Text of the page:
That’s about it. There must be a good reason to initiate and ultimately schedule a meeting (especially since there are so many happening now of the virtual variety) so be clear on the purpose, the benefit (to them and you), the desired outcome, and the next steps. Here are some very basic best practices to keep in mind!

Be prepared for your meeting. Spend a few minutes on LinkedIn and learn what you can about the person (or people) you’re meeting so you feel confident and they feel important. It will also help you prepare questions, discussion points, and desired outcomes. Confirm your meeting with a Calendar Invite and include the Zoom link (or link for whatever platform you’re using) or dial-in information. In fact, you’ll make a great impression if you create and send the Calendar Invite. If you haven’t sent or received a Calendar Invite, confirm your meeting the day before with a quick email. Firm up the date, time, appropriate media (or medium), and share your excitement about meeting and learning more.

Be early. Try to account for connectivity issues, confusion with usernames, passwords, meeting links, and conference codes. Besides, if you jump on a few minutes early, you make a good impression and may be able to establish rapport before you get down to business.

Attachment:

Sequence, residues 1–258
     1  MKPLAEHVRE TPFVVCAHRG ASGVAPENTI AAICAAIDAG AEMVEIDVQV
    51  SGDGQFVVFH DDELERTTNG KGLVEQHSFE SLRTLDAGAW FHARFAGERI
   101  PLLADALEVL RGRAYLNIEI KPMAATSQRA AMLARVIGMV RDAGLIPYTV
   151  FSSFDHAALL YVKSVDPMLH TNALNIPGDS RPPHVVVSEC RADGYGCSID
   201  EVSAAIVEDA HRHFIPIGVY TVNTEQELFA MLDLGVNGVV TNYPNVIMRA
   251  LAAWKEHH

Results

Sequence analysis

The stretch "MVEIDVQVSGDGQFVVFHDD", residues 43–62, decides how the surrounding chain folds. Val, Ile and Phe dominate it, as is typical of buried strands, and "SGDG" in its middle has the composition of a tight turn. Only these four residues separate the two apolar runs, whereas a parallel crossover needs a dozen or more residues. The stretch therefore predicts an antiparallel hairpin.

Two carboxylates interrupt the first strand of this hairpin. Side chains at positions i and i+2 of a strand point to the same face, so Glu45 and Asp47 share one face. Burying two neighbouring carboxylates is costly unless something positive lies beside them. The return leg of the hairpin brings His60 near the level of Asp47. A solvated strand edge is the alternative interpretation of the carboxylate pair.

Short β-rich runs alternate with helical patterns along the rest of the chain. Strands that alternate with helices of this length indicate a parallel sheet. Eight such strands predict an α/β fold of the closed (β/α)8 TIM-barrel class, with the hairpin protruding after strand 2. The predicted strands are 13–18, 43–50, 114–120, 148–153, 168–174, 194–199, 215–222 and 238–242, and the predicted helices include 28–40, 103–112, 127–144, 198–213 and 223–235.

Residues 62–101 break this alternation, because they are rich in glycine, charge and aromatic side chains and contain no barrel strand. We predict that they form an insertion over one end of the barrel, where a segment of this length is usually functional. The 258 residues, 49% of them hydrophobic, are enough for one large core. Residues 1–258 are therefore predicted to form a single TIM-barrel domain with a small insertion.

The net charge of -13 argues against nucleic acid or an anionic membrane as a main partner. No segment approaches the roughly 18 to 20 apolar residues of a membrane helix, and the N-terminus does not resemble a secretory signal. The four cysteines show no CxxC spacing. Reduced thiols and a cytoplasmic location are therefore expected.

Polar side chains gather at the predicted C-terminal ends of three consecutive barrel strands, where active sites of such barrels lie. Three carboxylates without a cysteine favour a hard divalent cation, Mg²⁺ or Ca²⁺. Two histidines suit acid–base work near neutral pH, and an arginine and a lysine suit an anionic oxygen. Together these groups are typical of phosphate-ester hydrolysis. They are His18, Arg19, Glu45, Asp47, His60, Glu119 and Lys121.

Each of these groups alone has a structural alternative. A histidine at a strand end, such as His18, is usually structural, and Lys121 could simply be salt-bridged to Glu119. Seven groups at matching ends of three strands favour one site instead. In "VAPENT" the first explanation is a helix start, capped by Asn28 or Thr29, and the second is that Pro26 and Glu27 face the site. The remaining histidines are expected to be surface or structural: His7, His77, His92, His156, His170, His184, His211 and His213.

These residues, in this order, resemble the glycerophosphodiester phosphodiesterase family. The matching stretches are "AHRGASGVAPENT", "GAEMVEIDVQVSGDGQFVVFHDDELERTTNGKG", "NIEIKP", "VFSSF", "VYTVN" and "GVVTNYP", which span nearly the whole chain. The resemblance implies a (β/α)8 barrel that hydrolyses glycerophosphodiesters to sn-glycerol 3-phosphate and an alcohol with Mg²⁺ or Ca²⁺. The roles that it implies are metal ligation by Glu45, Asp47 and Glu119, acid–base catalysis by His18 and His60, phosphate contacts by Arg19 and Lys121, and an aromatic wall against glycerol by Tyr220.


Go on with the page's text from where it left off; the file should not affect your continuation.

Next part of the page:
PUNCH up your meeting! (What kind of acronym would you expect from a boxer?) PUNCH is a format that may be helpful in keeping you focused on your Purpose, Understanding, Networks, Call to Action, and How to move forward. Use this PUNCH-line as an agenda for your virtual meetings (and “live” meetings too!) to stay on track and get the most out of your virtual networking.

Use this PUNCH-line as an agenda for your virtual meetings (and “live” meetings too!) to stay on track and get the most out of your virtual networking.

Purpose. What is the purpose of the meeting? This is where you can discuss an overview of the meeting, agenda, and possible outcomes. You can also establish the duration of the meeting if it hasn’t been stated initially. It’s important to have the same or a similar purpose in mind from the beginning as it sets a positive tone while providing structure and direction.